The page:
Strong National Support for British Columbia’s Carbon Tax

A recent survey by the Pembina Institute found that 72% of Canadians support BC’s carbon tax, an idea that has been getting a fair bit of discussion recently in the blogosphere (I hate that word).

It seems like there’s a growing consensus (Jack Layton and Stephen Harper (!?) aside) that a carbon tax, rather than a cap and trade system, may be the way to go. While there has been a fair bit of news lately about the rather significant amount of money that is circulating on carbon trading markets (in the 50s and 60s billion USD), it also seems to be the case that that flurry of economic activity is mostly just smoke and mirrors, and that, e.g., the caps for the European system were not set appropriately so that little actual reduction in carbon output is occurring.

The complexities associated with a working cap and trade system are legion, which is one of the reasons why people are looking to a carbon tax, which is much simpler to implement. But the tax that BC is proposing is small and not significant enough to result in any real consumer behaviour change. Moreover, there are legitimate concerns that the tax will be regressive, putting the greatest economic pressure on people in lower income brackets, and also its “revenue neutrality” (which seems like a great idea for getting people to accept it) will, in the end, make it difficult for any of the tax monies to be spent on investment in cleaner/renewable energy technologies.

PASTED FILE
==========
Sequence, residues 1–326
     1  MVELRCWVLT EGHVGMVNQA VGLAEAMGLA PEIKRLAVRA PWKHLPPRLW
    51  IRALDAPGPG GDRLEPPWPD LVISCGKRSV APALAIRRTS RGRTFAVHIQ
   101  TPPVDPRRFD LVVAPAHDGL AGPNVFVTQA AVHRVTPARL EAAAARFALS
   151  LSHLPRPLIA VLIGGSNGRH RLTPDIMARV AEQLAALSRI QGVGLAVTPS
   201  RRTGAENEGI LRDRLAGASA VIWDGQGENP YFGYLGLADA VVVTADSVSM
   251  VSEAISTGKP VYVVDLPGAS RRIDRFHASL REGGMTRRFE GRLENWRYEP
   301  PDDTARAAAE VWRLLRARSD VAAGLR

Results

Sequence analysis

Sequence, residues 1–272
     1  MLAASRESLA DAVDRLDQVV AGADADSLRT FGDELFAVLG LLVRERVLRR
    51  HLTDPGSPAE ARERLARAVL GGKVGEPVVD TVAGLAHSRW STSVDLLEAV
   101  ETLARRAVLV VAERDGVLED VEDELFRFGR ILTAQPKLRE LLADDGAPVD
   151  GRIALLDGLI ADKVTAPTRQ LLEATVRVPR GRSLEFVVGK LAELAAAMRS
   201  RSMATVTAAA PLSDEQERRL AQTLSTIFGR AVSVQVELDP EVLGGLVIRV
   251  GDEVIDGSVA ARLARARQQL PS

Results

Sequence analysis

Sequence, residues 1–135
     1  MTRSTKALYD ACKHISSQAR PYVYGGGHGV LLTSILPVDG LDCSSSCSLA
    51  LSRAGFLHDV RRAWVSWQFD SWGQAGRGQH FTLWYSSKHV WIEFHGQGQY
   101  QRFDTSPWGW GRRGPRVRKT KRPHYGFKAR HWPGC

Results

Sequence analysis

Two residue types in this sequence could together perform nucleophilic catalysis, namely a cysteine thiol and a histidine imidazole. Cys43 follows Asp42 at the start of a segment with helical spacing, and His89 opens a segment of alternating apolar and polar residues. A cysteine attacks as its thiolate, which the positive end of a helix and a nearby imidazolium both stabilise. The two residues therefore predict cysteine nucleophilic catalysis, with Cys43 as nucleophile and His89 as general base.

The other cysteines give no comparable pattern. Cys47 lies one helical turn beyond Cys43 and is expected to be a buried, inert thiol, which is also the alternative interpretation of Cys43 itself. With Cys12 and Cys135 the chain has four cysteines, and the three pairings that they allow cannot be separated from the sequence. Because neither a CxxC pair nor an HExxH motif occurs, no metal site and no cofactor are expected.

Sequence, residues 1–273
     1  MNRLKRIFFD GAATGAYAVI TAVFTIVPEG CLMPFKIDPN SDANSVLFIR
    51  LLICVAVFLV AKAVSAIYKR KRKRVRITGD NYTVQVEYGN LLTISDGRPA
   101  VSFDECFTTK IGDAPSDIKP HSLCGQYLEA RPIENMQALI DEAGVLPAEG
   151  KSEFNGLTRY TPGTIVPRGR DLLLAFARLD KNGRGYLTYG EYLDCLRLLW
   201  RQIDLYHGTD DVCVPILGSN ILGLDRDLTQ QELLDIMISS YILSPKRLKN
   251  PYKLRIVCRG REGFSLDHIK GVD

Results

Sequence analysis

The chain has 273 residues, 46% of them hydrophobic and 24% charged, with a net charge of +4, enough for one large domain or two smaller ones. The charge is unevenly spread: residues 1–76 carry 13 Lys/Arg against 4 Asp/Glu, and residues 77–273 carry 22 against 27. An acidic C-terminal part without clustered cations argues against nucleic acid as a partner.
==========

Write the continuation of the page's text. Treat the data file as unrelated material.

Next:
So we’re left with one system that seems to unwieldy to implement vs. another that doesn’t seem to carry much promise of actually reducing carbon output, at least in its current form. That said, I still side with the carbon tax. While making it revenue neutral to start may not be a bad idea, it needs to get ramped up very quickly for it to have any effect, and also to have provisions that ensure that low-income Canadians are not left in the lurch.

Props to the Ontario Government

Ordered my replacement birth certificate (old one is being used as a bookmark in some forgotten book somewhere in the Concordia University library): Friday.

Replace birth certificate arrives: Tuesday.

Who says we don’t have a fast, efficient bureaucracy.

The unmarked envelope it arrive in was a bit sketchy, thought. I half-expected to just find it filled with mysterious white powder.